Editor, U.S. ; Dallas, Texas (@HatefulJosh)
Korea's last big horror hit was Death Bell in 2008, and is a film which hasn't seen western distribution until now. What makes Death Bell interesting is the setting, as an American production company would have a seriously hard time getting funding for a slasher set in a high school these days.  The production value is very good on this film, and what it may lack in big budget spectacle, it makes up for in creativity. The UK's Terracotta Distribution has decided to start its own horror imprint and Death Bell was the film they chose to open the doors of Terror-Cotta. Considering the dearth of Asian horror in recent years, it is a good choice.  The DVD is a bit of a mixed bag that may leave the pickier videophiles cold, but I enjoyed my experience.
Students at an elite high school, preparing for mid-term exams, are held captive and forced into a series of sadistic games. The students find themselves plunged into a deadly test where they are picked off one by one and held in impenetrable traps where they must rely on the amazing intellects of their classmates to be released, every time a question is answered incorrectly, a classmate meets their torturous, grizzly death. When it emerges that the students are being picked off according to a pattern, Kang Yi-na understands exactly how much time she has to stay alive and figure out the mysteries of who is imprisoning them and what is the ghostly presence that stalks the school and seems to bind them all together? Before the Death Bell rings for her.
The golden age of Asian horror has passed.  Those magical years from 2000-2006 or so pumped the market so full of horror flicks that the market saturated and there was no where for quality to go but down. Down it went, one after another, horror films bombed or rehashed the same old shit over and over. Eventually, the production companies kind of took the hint and moved on to other genres, notably thrillers and revenge stories. In 2008, South Korea took a big risk on a summer release of Death Bell, and the gamble paid off.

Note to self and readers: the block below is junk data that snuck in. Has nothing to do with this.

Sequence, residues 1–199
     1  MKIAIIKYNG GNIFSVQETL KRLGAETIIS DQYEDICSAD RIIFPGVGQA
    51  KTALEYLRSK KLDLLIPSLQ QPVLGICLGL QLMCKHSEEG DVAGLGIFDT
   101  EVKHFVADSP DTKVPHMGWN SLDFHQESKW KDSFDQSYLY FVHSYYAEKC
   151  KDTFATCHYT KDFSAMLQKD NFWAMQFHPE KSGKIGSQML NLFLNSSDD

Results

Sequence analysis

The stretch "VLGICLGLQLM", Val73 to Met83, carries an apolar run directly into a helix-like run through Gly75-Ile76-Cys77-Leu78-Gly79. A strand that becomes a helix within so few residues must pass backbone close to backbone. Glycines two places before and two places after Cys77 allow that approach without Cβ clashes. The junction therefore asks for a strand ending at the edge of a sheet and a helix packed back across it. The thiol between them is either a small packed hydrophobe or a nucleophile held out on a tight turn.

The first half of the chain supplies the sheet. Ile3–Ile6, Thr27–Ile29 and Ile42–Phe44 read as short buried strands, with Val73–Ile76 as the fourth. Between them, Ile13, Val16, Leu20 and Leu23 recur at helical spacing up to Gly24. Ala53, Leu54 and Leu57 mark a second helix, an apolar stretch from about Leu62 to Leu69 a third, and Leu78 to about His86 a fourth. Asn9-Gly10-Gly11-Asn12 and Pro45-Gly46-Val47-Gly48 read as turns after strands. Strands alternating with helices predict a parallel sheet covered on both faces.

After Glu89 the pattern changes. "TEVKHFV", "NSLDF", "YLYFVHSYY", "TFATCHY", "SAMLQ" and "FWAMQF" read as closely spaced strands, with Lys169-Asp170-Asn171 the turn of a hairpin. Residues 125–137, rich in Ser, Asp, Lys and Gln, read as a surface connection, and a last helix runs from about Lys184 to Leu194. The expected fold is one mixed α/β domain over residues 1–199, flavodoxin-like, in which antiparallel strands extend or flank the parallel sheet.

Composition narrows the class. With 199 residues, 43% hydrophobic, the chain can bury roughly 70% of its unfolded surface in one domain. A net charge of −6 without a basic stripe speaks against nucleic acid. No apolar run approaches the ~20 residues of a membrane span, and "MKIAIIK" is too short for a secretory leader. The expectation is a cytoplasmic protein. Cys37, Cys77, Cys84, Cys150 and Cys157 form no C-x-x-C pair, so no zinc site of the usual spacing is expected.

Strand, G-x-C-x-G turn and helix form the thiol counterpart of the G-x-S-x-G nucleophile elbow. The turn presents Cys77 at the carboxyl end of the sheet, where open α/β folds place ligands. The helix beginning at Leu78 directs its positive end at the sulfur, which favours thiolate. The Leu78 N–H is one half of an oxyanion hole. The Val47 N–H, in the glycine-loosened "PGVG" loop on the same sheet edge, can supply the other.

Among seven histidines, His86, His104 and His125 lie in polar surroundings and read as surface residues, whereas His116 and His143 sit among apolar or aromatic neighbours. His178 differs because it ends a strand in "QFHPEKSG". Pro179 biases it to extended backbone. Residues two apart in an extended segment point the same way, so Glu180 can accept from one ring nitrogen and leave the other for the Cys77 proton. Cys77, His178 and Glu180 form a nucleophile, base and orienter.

Death Bell was one of the biggest grossing films in Korea in 2008, and it's a darned solid little film as well.  The setting of the film, a high school for gifted kids, is a novel addition to the genre and provides some interesting narrative possibilities. This is not a classic by any means, but the film holds up pretty well, and at 88 minutes, it succeeds in doing something that most Korean films, even the good ones, don't, it doesn't overstay its welcome.

One of Death Bell's great attributes is its remarkably breezy pacing. The film opens with a brief bit of exposition and then we're off to the races. The set-up is in the Saw vein, with an unseen force testing the students in the school with various puzzles.  For each unsolved puzzle, a student dies, and it is up to the teachers and students to figure out the pattern before they are all lost.

I really liked this film, it is a solid, creative slasher.  The effects are very cool and there are more than enough decent kills for me to get my kicks. The plot does become unnecessarily complicated in the final act, but the reveal in any horror film always seems determined to tie up loose ends that often don't matter.  That small complaint aside, I can recommend this film to Asian horror film fans who are ready to dip their toes back into this genre, trust me, it's safe to come back now.

The Disc:

Here's where things get sticky. Terror-Cotta's DVD release of Death Bell is 4:3 letterboxed and interlaced and stretched to cover a 16:9 screen. The film does not look good.  I know it has a Korean release, but those go out of print so quickly I cannot even confirm if it's even still available. The image took me aback when I first saw it, but after 15 minutes or so, I settled in and it became less of an issue, however, it is clearly not an ideal transfer. There is also a 5.1 surround mix and a 2.0 stereo mix, and strangely the latter of the two is the more robust audio track.  The 5.1 track sounds a bit hollow and distant, whereas the stereo track is moire full and aggressive.  Go figure.

One area where Terror-Cotta steps up to the plate is a full set of English subtitled extras.  There is a behind the scenes featurette on the making of the film.  There is a music video from one of the stars, as well as a behind the scenes featurette on the making of the video. There is also a very fun behind the scenes featurette on the creation of the effects make ups, which are really good in this film. There are more than enough bonus features on this disc to keep nerds like me happy.

Death Bell is a solid horror film, but Terror-Cotta's disc leaves a bit to be desired.  As the best entirely English friendly option, I can recommend it, but I expected better image and sound quality. Better luck next time.

Death Bell

  • Chang
  • Chang (screenplay)
  • Eun-Kyeong Kim (screenplay)
  • In-sook Choi
  • Da-Geon
  • Eun-jeong Ham
  • Sung Jin
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ChangEun-Kyeong KimIn-sook ChoiDa-GeonEun-jeong HamSung JinHorrorThriller

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